Good Fats are Good Guys

In my opinion, fats should be used conservatively given that horses don’t have a gallbladder. To add energy, fats are safer than starch. Yes, horses do digest fats in the small intestine, but their natural diet contains very little, and it is seasonally available from seeds.

Good fats that I love to use are hemp oil and unrefined coconut oil.  Hemp is great for ulcer horses since it contains GLA and helps to protect the mucus lining of the intestine. It’s also great to help horses build muscle. Coconut oil is my favorite when I need to strengthen a horse’s immune system, thanks to the lauric acid it contains.  An ounce or two might be all that many horses need.  Performance or infirmed horses may need more.

Other foods you might add for variety or treats in small amounts: peanuts (unsalted and shelled), almonds, papaya, sesame seeds, banana (no peel), pumpkin seeds, grapes, oranges, squash, celery, pomegranate, basil, sprouts, blueberries, strawberries, pumpkin, the list goes on.

Good omega 3′s are either chia seed or flax seed. Chia contains twice the omega 3’s as flax and is better for the connective tissue and bone. It is rich in minerals such as boron and strontium and also absorbs up to 9 times its weight in water! Chia is amazing to reduce the carbohydrate absorption in the gut.  Because of the mucilage it creates in the gut, it keeps blood sugar more stable in these individuals. If you cannot feed chia, flax is great for omega 3’s too, and used to be the gold standard before chia.  It’s still a great food for horses in small amounts and much less expensive than chia.

Vitamins, Minerals and Coal Tar, Oh My!

When feeding a whole-food diet, vitamins and minerals are a MUST. I try to feed those from non-synthetic sources. I like to either make my own homemade version from herbs, use a pre-made herbal mixture like Maintenance mix from Silver Lining Herbs, or use a pre-made whole food supplement, like Optimum EQ from Biostar EQ. I rotate between these options so that my horses get a variety of nutrients and foods.

Thanks to the horses’ amazing fermentation vat called the cecum, (a 14-inch diameter portion of the large intestine chock full of life-sustaining microbes), horses are able to extract everything from plants! When plants are digested, minerals are naturally chelated. This means they are bound to an amino acid, which enhances digestibility. When horses are fed their vitamins/minerals in the form of food (versus lab-made synthetic supplements or pre-mixes) their body instantly digests them without stress on their internal organs.

My pet peeve is synthetic vitamins and minerals. If you research how they are made, it is pretty awful. Here are some classic examples: B-vitamins are from coal-tar, vitamin C is from sugar hydrogenated with acetone, and vitamin D is from irradiated cattle brains.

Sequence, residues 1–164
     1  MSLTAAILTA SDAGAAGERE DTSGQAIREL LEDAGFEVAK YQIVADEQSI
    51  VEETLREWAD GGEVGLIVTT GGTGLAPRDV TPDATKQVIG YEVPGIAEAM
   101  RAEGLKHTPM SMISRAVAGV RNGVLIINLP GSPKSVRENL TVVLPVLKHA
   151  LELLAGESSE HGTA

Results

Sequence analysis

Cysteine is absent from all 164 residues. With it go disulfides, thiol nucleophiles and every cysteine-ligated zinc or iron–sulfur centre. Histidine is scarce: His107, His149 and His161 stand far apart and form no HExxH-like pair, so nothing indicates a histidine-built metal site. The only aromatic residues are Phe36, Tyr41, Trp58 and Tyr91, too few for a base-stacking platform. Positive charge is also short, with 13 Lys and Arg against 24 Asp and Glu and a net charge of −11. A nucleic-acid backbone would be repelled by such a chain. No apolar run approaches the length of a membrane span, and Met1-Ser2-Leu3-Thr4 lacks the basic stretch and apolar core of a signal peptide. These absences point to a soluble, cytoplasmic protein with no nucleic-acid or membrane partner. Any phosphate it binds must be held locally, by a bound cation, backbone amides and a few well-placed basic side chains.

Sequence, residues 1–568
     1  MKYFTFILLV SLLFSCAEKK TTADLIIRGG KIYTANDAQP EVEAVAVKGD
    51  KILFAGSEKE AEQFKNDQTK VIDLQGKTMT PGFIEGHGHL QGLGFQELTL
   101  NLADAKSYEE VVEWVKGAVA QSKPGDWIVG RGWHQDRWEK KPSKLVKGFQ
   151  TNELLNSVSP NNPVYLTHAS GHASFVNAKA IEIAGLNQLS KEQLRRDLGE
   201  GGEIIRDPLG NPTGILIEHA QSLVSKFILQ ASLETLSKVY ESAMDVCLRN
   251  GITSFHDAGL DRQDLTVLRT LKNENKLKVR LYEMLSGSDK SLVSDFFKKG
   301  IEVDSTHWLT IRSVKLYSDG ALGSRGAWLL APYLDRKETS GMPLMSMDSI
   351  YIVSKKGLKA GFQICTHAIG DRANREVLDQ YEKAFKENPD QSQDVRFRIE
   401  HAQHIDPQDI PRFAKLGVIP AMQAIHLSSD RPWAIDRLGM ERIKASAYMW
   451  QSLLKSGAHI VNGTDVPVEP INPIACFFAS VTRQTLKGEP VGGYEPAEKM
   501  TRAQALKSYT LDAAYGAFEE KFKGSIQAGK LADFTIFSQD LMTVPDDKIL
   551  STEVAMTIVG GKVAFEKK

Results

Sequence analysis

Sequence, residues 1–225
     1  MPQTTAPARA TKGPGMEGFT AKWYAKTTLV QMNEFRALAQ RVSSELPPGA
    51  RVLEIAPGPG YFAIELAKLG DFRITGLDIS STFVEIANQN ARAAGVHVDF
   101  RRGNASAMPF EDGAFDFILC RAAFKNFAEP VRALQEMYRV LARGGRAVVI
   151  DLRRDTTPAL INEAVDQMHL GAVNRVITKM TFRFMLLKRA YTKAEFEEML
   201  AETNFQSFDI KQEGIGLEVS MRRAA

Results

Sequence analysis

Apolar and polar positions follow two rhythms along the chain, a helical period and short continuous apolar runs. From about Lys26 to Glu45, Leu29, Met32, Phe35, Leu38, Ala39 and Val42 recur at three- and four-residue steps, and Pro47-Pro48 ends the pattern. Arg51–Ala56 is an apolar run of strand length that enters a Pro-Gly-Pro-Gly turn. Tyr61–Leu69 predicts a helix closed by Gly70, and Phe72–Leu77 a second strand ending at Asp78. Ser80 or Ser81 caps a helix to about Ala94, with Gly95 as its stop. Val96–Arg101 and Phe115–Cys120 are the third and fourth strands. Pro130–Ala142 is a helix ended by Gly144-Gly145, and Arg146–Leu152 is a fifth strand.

Even worse, feed companies (and supplement companies) regularly add much more than the horse actually needs since well, they are not well digested. They have to ensure a certain percentage of absorption, which is only possible with a “mega-dose.” The horse absorbs roughly 10% of a synthetic (made in lab of chemicals). The rest is detoxified from the body, daily. This means stress to the gut, liver, and other organs.

THAT takes up a lot of energy over the life of your horse. That’s energy that could have been used for healing a micro-tear in a tendon, growing healthier hooves, or healing that itchy skin.  I prefer to feed my horses in a way that produces optimal health and soundness.

As far as minerals go, there are some good free choice loose powdered ones on the market, like ABC’s Rush Creek Mineral, or The Natural Vet’s Red Cal.  Even these mixes have some synthetics but are the best I have found. Watch out for sugar and flavoring agents! Unrefined sea salt is a nice additive in times of need such as winter to ensure hydration and summer to replace electrolytes lost in sweat. This can be offered free choice or added to feed (maximum of 1 tbsp per feeding).

Healthy Treats for Healing

Once your basics are covered, you can use foods to support your horse in healing from any illness. For example, a horse with chronic inflammation, I use foods high in antioxidants and anti-inflammatories.

I put the following in the blender and feed about a cup a day: blueberries, pomegranate juice (no added sugar), Fuji apple, whole orange or half a lemon, and strawberries. Food is medicine and the body knows exactly what to do with it.

There are endless combinations of food to help horses heal, but I’d recommend you stick to the basic diet for now. Try not to get overwhelmed! I have just given you a lot of information, but it is not rocket science. Do your best to learn to identify synthetics, avoid processed foods and chemical supplements.  Think about properties of foods as medicine and invite your horse to show you what works for them. Feed your horse like the trickle-feeding herbivore he has always been, and you cannot go wrong.

Lizzy Meyer is full of natural horse sense, and uses horses’ gifts for healing other species, including humans. You can find her at Whole Horse Consulting.


Madeleine Innocent

You know how often people struggle with their horse’s health? They want to know WHY they suffer with health issues and all their veterinarian can offer is drugs and more drugs? They feel helpless and at the mercy of another. Well, what I do is to help you pinpoint WHY your horse is getting sick and implement a strategy that takes you to a feeling of empowerment, of being in control of their life. A strategy that restores their health and allows you, and them, to enjoy life.